Today was one of the more productive days in recent memory. This morning, my loyal squad of bratwurst enthusiasts joined me in ambushing all the trees in my backyard. Twelve trees in all, and the difference is amazing. Our backyard looks huge now, although it also looks very hot. Removing all those trees has killed all of the shade back there, which isn’t happy, but considering that I’m going to replace them with fruit trees…. Win/win.
But the big joy of the day was traveling up to SLC to spend the afternoon with my friend Aleisha who invited me to help her with her two hives. This was my first chance to actually work with a hive of bees, and it was amazing. I’m still giddy from the experience. 🙂
The first hive we worked with was just an inspection. You know, making sure they survived the winter, seeing how they were doing, and otherwise making sure that all was well. Sadly, the queen died somewhere along the way, and the hive was dying. When a hive is queenless, one of the worker bees will sometimes start laying eggs, which they can do. However, because worker bees never mate, the only eggs they can lay are drones, which are useless bees. They don’t forage, they don’t gather food, they don’t clean the hive. They just eat. Obviously a drone-filled hive will very quickly die.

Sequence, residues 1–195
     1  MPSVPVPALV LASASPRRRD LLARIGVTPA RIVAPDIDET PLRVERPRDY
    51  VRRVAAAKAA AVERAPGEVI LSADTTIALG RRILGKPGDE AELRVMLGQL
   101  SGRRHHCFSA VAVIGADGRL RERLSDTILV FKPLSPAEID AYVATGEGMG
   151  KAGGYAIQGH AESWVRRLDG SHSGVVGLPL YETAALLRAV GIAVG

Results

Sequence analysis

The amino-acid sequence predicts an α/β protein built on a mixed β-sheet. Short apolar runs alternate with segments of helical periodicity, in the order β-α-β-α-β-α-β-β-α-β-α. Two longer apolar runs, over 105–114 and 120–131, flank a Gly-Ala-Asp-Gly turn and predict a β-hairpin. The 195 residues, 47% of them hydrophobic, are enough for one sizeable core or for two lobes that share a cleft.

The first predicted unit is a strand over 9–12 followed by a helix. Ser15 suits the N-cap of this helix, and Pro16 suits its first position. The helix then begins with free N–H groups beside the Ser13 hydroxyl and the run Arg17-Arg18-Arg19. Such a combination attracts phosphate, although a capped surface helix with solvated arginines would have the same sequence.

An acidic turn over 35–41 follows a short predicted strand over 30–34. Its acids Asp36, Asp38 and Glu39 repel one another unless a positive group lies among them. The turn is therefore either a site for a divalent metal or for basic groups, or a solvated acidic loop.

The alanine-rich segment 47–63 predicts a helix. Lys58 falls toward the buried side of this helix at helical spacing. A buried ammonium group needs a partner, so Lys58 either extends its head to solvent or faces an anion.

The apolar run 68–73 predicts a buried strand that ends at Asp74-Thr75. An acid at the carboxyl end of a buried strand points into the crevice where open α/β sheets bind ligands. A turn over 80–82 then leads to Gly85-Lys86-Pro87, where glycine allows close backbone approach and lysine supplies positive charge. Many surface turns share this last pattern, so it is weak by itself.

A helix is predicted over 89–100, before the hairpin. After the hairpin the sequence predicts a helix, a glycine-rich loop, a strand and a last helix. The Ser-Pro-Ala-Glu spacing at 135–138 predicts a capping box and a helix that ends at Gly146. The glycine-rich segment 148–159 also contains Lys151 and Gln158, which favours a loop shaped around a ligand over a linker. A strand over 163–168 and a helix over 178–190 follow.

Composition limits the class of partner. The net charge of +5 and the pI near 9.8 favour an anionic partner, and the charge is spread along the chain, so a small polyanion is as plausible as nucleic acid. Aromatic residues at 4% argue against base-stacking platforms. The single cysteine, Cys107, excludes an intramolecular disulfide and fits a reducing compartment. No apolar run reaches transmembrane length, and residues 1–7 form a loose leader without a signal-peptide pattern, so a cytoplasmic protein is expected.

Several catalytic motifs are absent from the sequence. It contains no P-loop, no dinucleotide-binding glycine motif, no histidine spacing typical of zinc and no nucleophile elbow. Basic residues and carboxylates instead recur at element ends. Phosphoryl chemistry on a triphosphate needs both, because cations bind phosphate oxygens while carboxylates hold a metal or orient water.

Aleisha is going to probably try and get a new queen for that hive, which if she moves fast enough will work just fine. If not a new queen, Aleisha’s goal this year is to catch a swarm, which would also work.
At first, I was somewhat nervous, and I was surprised to see as many bees flying around us. Most of the YouTube videos make it seem like much less. I was especially nervous because my protective gear included a veil, hat, and a long-sleeved white shirt. That was it. I thought there would be problems, but then I realized that Aleisha was wearing a skirt, so… Heck, if she can do it, so can I, right?
I stood back to start, but it was all of two minutes before I was reaching in the hive as well (no gloves), touching the bees, lifting frames, and generally really enjoying myself. About the only time I found myself uncomfortable was when I had to move bees out of the way to put frames, brood boxes, and covers back in place. I think most of that was a general worry of hurting the bees, and it’s something I’ll get used to.
The next task was sorting through frames that had been damaged by wax moths. It was almost depressing to see all of that work done by the bees damaged by stupid moths.
The last task, my favorite, was packaging a box of bees. This was an unusually big package with, I’d guess, close to 10,000 bees. And they were beautiful. A dusty grey with deep brown and tan striping. Aleisha let me do the whole thing myself providing only responses to questions and advice for how she does things. I have been very worried that my head knowledge would not transfer to the practical knowledge, but I was fine. I was comfortable, and oh was I happy. A truly thrilling experience.
I don’t know if you’ve ever had that enlightening experience when you feel like you’ve found something that you really want to do and you can feel like you’ve been guided to it, are being guided in it, and will be guided through out, but I just did. Today. In a stranger’s backyard with a good friend and 30,000 six-legged friends. 🙂
TWO WEEKS UNTIL MY BEES ARRIVE!!! (or as Courtney likes to call them, my mistresses)